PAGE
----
LEA ranging from technical assistance to withholding some or all LEA funds. An LEA’s
eligibility for flexibility is also based on these annual determinations.

Each SEA must adhere to certain requirements when conducting annual LEA performance
determinations, including the use of four specific mandatory evaluation factors. The mandatory
evaluation factors are (1) performance on compliance indicators, (2) whether valid and reliable
data exist, (3) whether the LEA has corrected identified noncompliance, and (4) other data
available to the State about the LEA’s compliance with IDEA, including relevant audit findings.
Nonmandatory evaluation factors may include, among other things, an LEA’s graduation or
dropout rates or the participation rate of students with disabilities in State assessments. SEAs
individually assess the specific evaluation factors and then combine the factors to arrive at an
overall performance determination for each LEA. Overall performance determinations fall into
one of four categories: meets requirements, needs assistance, needs intervention, and needs
substantial intervention.

Even though an SEA is required to assign one of the four determination categories based on its
assessment covering the evaluation factors, there is no uniform minimum threshold identified in
law, regulations, or guidance that an LEA must attain on each factor to receive an overall
determination in one category versus another. 12 As a result, LEAs in one State may receive an
overall determination of “meets requirements” even though they were assessed as needing
substantial intervention on a specific mandatory evaluation factor while LEAs in another State
might receive an overall determination of “needs intervention” or “needs substantial intervention”
under the same scenario.

The SEAs we reviewed varied in how they correlated overall determinations to LEA performance
on the specific evaluation factors. 13 Two of the SEAs assigned an overall determination of meets




11
     Performance determinations described in this issue relate to IDEA § 616.
12
  In issuing its 2008 final regulations concerning IDEA Part B, the Department asserted that States should have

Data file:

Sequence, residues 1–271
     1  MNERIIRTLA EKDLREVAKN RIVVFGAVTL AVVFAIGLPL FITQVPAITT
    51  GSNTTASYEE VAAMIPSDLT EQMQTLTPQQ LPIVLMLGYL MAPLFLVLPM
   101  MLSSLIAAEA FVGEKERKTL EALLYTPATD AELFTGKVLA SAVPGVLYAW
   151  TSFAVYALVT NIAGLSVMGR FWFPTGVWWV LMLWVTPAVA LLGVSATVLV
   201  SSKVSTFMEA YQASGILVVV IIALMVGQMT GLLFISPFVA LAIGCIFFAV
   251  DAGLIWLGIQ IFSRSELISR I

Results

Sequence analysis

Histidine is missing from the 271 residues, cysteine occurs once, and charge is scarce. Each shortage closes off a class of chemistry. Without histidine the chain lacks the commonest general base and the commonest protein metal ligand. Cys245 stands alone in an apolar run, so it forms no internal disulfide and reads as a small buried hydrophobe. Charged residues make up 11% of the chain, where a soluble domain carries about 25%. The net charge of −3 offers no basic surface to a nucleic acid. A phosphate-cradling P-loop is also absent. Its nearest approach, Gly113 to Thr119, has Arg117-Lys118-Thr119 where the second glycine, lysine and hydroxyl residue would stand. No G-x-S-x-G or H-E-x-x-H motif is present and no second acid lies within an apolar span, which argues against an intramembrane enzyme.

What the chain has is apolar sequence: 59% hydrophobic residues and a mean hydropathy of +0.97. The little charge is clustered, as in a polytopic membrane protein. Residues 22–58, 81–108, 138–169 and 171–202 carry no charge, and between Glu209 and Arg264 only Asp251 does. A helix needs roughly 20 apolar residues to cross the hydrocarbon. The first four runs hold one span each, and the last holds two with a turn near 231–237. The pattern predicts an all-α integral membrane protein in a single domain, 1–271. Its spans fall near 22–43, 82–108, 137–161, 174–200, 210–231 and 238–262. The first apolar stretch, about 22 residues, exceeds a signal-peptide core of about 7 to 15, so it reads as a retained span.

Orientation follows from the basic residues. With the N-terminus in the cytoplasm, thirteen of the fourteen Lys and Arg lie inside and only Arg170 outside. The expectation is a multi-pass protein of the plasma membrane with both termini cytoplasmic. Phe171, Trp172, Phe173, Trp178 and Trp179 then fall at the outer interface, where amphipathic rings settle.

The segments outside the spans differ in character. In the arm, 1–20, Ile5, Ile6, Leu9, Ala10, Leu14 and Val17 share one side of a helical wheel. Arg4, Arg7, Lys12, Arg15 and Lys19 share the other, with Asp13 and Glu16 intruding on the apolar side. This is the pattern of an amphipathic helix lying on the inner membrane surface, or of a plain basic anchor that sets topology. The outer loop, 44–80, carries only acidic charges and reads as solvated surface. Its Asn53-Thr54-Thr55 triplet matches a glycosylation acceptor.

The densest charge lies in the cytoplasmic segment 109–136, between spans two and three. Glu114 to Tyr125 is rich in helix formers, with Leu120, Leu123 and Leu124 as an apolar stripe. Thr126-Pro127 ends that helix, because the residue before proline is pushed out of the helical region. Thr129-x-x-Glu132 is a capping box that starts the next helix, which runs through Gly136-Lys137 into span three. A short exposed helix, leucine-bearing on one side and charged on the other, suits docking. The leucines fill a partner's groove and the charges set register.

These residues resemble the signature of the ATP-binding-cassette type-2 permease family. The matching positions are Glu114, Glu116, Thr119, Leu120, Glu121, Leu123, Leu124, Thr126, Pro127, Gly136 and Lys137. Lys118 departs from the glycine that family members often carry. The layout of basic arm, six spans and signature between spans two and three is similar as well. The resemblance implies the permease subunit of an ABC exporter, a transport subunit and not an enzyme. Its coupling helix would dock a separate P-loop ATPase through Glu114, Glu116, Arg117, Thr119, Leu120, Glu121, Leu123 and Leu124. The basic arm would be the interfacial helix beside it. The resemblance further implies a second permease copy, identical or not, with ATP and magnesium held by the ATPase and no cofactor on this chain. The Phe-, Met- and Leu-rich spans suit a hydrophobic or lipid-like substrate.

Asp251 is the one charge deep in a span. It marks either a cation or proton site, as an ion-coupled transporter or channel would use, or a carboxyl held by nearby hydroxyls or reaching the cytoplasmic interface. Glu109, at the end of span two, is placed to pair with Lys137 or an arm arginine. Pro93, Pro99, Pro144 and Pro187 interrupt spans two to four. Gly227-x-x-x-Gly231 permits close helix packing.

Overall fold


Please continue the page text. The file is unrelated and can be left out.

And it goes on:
discretion in making annual determinations on the performance of their LEAs and expressly declined to regulate a
uniform process for making those determinations (73 Fed. Reg. 73021, December 1, 2008). OSERS has provided
guidance to SEAs on completing LEA annual performance determinations.
13
     We reviewed determination information that related to LEAs eligibility for flexibility in FY 2009–2010.
Final Management Information Report
ED-OIG/X09N0006                                                                               Page 17 of 24

requirements only to LEAs that met requirements on all mandatory evaluation factors. 14 Two
other SEAs included in our review allowed LEAs to score below “meets requirements” on one or
more mandatory evaluation factors and still attain an overall determination of “meets
requirements.” One of these SEAs assigned an overall determination of “meets requirements”
even when an LEA was assessed as needing intervention on two or needing substantial
intervention on one of the mandatory evaluation factors. This SEA concluded that LEAs could
perform below requirements on individual performance measures that OSEP considered to be
mandatory yet still attain a favorable overall determination.

When States are allowed to individually define thresholds for overall performance determinations,
inequities among States may result. These inequities were evident across the States in our review
as LEAs with substandard performance on mandatory evaluation factors were identified as “meets
requirements” overall in some States while LEAs in other States were assigned a lower overall
determination result even though they performed at the same level or possibly better.

Inequities can also occur across States when they have discretion in setting thresholds for the
other three performance determination categories (needs assistance, needs intervention, and needs
substantial intervention). When an SEA determines that an LEA performed at the level of one of
these other three determination categories, it must prohibit the LEA from exercising flexibility. It
must also implement appropriate enforcement mechanisms to improve the LEA’s performance,
including (1) providing technical assistance, (2) placing conditions on LEA funding, (3) requiring
a corrective action plan or improvement plan, or (4) withholding some or all LEA funds. Given
the inconsistency in thresholds that SEAs use to assign determination categories to LEAs’ actual
performance, the types and degree of enforcement actions implemented could vary across States
under identical circumstances.

Suggestion: We suggest that the Acting Assistant Secretary of the Office of Special Education